Florian Wesch

External data sources: A bitcoin ticker

Posted Nov 02 2014 by Florian Wesch

Often you have external dynamic information that you want to show in an info-beamer visualization. Since info-beamer itself doesn't provide an API to (for example) use HTTP you might wonder how to do this. info-beamer makes this very easy. It's also language agnostic. So you can use the language of your choice to fetch information and then make it available to info-beamer. Here's a pretty basic bitcoin ticker that shows how to do this.

info-beamer was designed with external scripting in mind. Lua, the programming language that info-beamer uses for its scripting interface, is surprisingly powerful once you get used to it. It's also one of the fastest scripting languages available right now. So it's a perfect match for info-beamer.

But that doesn't mean you have to use Lua for everything when using info-beamer. You probably already have a favourite language that you are familiar with. And it probably has libraries to access all kind of APIs. info-beamer embraces this fact by allowing you to send data to a running info-beamer visualization from another program written in the language of your choice. In fact there's multiple ways to get data into a visualization:

  • You can write into files in the directory of a running visualization: info-beamer instantly detects changed files and allows you to react to those changes. So you might write a JSON file in your program which info-beamer then instantly notices and loads. See the function util.file_watch to learn more about this.
  • You can connect using TCP to info-beamer and send data to a running visualization. This way of communicating with info-beamer also allows a running visualization to export data to an external program. There's going to be a blog post about this in the future.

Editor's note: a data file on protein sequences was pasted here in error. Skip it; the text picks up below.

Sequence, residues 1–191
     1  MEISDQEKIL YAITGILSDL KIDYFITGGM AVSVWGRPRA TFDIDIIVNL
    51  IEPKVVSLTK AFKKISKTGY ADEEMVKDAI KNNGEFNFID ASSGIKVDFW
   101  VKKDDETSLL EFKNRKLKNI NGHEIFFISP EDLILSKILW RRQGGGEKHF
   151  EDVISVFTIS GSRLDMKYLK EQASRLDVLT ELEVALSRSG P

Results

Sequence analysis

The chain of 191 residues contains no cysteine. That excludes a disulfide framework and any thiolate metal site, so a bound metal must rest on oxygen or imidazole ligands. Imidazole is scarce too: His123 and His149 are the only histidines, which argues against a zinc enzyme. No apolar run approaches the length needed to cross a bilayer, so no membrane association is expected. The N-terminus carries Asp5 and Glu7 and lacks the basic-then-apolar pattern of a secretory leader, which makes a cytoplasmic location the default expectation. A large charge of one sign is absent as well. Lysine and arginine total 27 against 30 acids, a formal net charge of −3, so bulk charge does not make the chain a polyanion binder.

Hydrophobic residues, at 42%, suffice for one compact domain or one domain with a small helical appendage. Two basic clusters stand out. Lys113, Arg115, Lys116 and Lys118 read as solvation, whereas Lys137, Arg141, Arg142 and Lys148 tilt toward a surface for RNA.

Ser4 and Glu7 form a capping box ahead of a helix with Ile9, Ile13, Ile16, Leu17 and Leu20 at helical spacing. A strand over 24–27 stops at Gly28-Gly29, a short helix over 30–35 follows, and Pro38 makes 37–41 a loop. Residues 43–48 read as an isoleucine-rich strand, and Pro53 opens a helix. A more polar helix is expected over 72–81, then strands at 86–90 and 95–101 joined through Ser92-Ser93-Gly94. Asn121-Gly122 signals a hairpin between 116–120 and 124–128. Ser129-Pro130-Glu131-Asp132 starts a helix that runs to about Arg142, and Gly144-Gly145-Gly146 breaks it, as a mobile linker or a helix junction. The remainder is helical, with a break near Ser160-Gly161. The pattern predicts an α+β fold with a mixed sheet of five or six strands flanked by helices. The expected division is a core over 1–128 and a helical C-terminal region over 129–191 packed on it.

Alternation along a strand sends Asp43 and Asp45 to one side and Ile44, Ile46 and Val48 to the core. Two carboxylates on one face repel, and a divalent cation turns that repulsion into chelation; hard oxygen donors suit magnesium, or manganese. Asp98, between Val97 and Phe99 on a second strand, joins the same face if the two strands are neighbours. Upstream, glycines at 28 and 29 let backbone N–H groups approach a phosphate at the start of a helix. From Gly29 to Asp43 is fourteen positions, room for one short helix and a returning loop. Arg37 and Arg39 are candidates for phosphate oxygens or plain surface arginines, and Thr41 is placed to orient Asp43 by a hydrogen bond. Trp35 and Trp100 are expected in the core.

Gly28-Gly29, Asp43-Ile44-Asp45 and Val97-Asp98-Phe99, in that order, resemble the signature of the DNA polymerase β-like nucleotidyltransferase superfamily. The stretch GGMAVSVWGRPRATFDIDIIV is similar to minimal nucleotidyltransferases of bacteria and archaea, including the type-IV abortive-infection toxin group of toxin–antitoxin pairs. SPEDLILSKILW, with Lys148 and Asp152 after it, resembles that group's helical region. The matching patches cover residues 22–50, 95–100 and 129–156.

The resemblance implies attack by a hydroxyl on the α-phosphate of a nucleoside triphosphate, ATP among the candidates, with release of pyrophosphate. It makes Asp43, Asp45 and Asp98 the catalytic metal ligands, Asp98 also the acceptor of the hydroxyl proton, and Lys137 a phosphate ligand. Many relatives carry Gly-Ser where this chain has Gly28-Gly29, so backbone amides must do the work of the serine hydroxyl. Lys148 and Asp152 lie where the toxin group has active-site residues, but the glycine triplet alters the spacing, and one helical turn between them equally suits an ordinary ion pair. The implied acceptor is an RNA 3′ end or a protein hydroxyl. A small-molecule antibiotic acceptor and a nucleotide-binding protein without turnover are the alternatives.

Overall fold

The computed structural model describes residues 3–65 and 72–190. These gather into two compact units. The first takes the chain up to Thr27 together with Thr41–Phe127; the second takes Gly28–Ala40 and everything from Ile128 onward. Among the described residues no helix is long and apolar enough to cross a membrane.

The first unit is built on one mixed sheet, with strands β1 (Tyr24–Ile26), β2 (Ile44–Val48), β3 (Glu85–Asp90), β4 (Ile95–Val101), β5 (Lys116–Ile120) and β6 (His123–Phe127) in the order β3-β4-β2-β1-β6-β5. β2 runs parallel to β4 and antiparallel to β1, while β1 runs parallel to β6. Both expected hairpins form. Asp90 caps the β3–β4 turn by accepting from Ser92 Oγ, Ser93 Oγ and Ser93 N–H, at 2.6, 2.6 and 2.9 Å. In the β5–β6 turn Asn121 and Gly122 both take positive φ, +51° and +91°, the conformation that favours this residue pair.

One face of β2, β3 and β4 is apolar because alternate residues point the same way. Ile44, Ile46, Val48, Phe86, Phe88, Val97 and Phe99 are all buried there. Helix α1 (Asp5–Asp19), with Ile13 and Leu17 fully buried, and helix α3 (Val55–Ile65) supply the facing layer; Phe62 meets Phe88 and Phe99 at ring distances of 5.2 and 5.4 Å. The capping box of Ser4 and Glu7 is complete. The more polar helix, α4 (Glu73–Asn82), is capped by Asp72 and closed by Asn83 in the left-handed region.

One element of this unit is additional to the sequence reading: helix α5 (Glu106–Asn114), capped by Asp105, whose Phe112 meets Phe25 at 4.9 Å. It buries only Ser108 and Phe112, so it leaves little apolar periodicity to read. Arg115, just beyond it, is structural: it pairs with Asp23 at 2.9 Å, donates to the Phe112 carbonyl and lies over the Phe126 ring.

• You can send data using UDP. This way of communicating is recommended if you have lots of small updates that you want to send to your visualization.

This blog post will use UDP to send the current bitcoin exchange rates in multiple currencies to a visualization that displays those values on screen. First let's have a look at the code for the visualization (save this code in the file node.lua):

gl.setup(1024, 768)

local json = require "json"
local font = resource.load_font "font.ttf"

local currencies = {}

node.alias "bitcoin"

    update = function(data)
        currencies = json.decode(data)

function node.render()
    gl.clear(1, 1, 1, 1)
    font:write(30, 10, "Bitcoin", 100, .5,.5,.5,1)
    local y = 120
    for idx, currency in ipairs(currencies) do
        local line = string.format("%.2f %s", currency.val, currency.sym)
        font:write(30, y, line, 160, .3,.3,.3,1)
        y = y + 160

In the first line the visualization resolution is set to 1024x768 and the bundled json parser as well as the font file font.ttf is loaded. Just download any Truetype font file and place it in the current directory. I used Arial.ttf and renamed it to font.ttf.

The currencies variable contains a list of exchange rates for different currencies. Since we don't know these values yet we'll initialize it to an empty list for now. This list will later be updated by an external program.

The node.alias function sets the node alias name to bitcoin. Normally the name of a node is its directory name. Using node.alias allows you to set an alias that is independant of the directory name. External programs can address nodes using either of those names. By setting the alias bitcoin, external programs can now be sure that they reach this node when sending data to bitcoin.

Setting up data handlers